I'd been sitting down for about fifteen minutes listening to a presentation. It was the first morning of Computex proper, and it was about the Internet of Things and the power of The Internet of Things. Intel was telling attendees about the power of IoT devices, with small low-power chips, that can change the way we do everyday things.
I'm a hardcore gamer, and so it's not a topic that I get naturally excited about. But then the presentation ended and we were given the chance to talk to some of the inventors, entrepreneurs and students trying to create real world solutions. And then I saw a pouch.
It was sitting on a table for Smart X Lab, a company which created their own mesh network as an alternative to Wi-Fi. They're largely focused on the healthcare sector, having already deployed their technology some aged care hospitals and facilities around Taiwan.
The point of their mesh network is so they can electronically monitor every patient's position and vitals in real time. It's accessible and controllable via the web, and the company's CEO Max Yeh showed off a live demo. It's largely what you'd expect: a map of the hospice, locations for all the patients, sensors, cameras, and everything else required to keep track of the elderly.
But next to the computer was a small pouch. It looks like a traditional Chinese blessing pouch — which was precisely what it was. The elderly don't like to wear wristbands or have cords tethered to them, but their carers need to have a handle on where they are. "People with dementia like to wander," Yeh joked.
My grandfather liked to wander. He had dementia too.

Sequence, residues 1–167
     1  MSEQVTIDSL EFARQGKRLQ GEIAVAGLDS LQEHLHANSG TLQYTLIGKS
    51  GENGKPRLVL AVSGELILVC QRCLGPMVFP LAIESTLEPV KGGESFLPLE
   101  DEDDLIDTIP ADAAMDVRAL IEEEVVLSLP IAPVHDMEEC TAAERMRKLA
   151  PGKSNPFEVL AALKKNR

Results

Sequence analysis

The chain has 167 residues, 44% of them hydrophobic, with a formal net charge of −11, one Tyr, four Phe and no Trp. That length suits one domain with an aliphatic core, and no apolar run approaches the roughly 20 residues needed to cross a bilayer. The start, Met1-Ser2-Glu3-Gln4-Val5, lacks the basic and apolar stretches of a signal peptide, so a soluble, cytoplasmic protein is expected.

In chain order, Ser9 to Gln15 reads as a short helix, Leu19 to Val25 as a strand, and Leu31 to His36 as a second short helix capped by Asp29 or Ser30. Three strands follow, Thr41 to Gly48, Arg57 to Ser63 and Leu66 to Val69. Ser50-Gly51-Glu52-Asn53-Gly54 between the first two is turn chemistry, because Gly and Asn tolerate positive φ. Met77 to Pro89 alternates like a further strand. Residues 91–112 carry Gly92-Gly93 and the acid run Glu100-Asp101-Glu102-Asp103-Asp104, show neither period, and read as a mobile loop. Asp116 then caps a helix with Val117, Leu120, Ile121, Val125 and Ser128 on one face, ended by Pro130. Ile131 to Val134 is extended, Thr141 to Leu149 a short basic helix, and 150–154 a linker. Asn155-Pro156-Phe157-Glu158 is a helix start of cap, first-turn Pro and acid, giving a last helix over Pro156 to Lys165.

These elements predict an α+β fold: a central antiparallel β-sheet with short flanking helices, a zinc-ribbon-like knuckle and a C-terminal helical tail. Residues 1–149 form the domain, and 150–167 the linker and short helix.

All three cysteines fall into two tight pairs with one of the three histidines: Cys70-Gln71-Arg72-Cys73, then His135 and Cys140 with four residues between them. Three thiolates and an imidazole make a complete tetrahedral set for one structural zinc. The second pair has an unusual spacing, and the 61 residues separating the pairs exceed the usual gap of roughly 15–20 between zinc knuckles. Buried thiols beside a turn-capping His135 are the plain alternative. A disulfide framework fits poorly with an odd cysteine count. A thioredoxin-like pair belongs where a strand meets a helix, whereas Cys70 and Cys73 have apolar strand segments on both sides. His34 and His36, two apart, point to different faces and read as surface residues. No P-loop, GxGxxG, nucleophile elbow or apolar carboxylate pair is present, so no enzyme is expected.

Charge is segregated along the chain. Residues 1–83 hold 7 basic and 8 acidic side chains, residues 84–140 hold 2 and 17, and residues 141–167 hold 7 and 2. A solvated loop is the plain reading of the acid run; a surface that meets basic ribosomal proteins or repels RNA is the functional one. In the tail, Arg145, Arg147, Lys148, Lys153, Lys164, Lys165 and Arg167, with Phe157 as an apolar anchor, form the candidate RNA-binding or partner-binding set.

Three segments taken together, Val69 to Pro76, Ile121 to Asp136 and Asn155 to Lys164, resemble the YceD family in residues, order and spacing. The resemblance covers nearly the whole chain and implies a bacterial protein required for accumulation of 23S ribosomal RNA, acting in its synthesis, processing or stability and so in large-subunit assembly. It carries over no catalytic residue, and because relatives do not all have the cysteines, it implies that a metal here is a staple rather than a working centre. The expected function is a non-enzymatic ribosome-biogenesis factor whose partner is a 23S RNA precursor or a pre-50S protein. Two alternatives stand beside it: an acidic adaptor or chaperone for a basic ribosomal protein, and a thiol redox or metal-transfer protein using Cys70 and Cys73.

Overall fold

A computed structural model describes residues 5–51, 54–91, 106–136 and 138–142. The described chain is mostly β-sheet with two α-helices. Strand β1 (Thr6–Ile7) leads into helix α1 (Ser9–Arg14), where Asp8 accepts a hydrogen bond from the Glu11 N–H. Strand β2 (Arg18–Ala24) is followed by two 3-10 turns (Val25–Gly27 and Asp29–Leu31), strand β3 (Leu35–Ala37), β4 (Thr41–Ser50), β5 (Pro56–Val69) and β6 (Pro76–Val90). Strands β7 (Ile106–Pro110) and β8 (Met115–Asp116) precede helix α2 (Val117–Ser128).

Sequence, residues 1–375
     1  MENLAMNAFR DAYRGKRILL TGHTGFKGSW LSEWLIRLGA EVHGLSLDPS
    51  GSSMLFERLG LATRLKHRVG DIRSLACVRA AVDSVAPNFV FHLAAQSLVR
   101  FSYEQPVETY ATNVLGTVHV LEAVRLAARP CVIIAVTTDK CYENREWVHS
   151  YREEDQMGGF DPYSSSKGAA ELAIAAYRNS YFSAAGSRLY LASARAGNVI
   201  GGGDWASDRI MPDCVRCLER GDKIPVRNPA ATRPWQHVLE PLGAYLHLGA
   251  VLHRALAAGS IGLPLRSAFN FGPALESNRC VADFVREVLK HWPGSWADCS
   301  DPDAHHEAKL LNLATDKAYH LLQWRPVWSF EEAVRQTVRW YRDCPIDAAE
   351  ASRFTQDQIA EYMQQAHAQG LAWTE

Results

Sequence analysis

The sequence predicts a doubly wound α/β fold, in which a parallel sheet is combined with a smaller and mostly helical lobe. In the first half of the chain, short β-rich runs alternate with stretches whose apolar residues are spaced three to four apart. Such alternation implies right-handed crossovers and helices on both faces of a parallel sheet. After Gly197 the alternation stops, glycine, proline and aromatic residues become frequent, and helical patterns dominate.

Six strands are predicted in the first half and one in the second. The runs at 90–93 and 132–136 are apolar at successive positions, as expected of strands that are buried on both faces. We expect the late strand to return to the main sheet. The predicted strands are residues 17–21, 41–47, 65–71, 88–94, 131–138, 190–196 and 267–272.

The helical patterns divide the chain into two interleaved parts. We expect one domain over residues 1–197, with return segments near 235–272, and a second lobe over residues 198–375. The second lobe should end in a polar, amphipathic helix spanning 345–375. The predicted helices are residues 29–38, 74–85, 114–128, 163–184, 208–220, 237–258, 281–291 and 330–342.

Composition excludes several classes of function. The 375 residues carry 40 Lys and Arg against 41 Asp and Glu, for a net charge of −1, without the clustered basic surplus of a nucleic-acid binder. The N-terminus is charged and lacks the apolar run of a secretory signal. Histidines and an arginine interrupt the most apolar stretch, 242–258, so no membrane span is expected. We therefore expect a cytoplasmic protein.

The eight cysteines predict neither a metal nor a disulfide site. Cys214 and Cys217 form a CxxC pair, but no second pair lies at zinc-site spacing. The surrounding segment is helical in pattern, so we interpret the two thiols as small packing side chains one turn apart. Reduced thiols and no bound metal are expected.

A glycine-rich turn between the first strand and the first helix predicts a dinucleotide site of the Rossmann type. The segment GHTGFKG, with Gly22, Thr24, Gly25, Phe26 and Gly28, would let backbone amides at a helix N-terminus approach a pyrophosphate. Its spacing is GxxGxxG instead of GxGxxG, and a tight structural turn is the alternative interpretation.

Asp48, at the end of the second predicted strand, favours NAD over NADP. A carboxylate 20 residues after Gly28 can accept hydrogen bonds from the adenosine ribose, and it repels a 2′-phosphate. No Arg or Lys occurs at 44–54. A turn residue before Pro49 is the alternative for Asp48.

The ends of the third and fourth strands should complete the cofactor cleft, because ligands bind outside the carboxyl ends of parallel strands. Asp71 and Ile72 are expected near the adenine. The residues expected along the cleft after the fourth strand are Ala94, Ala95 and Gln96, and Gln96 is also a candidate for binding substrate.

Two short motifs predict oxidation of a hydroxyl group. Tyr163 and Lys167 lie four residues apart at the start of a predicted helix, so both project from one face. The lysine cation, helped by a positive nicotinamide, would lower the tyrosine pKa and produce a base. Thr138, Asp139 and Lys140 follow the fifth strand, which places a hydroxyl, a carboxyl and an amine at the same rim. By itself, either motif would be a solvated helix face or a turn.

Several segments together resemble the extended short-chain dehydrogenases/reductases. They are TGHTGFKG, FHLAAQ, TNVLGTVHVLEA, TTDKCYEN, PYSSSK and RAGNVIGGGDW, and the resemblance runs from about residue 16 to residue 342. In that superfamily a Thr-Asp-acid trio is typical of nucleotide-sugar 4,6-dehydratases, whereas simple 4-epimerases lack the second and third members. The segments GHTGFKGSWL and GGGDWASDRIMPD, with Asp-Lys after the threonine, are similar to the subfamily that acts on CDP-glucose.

Our family was fortunate in that the nursing home where he stayed was only a few minutes drive from our house. It needed to be. He couldn't stay with us, but he didn't really want to stay in the nursing home either.
So he wandered, and often my mother would go find him. The nursing home staff often didn't or hadn't noticed, but then our family took more care of my grandfather in his final years anyway.
That's the bit about caring for your family and loved ones. Nobody tells you how much effort it takes. They can't tell you what it feels like to get a phone call in the dead of night to be told a member of your family isn't breathing.
They don't tell you about the disgust you harbour for other people when they don't care for your loved ones. And they can't tell you what it's like to shoulder that frustration and then look into the eyes of someone who has loved you for your entire life, only to realise that they have no idea who you are.
He really belonged in the dementia ward, but my mother battled tirelessly to make sure he didn't spend his last years there. Dementia patients aren't treated as well. Doors are locked. Walks outside are gently frowned upon. That's not good for someone who was famous for his boxing career and running the local gym.
So he stayed in the same ward as my grandmother. That was healthier for him. But it also meant he was monitored less. People wouldn't know where he was. They wouldn't check to see if he was cold at night. Sometimes he'd miss meals and the only saving grace was the fact that my mother always brought spare sandwiches that he liked.
More of this stuff can now be tracked. That's the point of the Internet of Things. The most innocuous of things can upload data to the cloud.
Data that says your grandfather's walking around on a road at 2 in the morning. Data that tells you your grandmother is breathing just fine. Data that reduces the need to physically be by their side, just to make sure they're warm, safe and sound.
Data I wish my mother had over a decade ago.
The author travelled to Computex 2016 as a guest of Intel.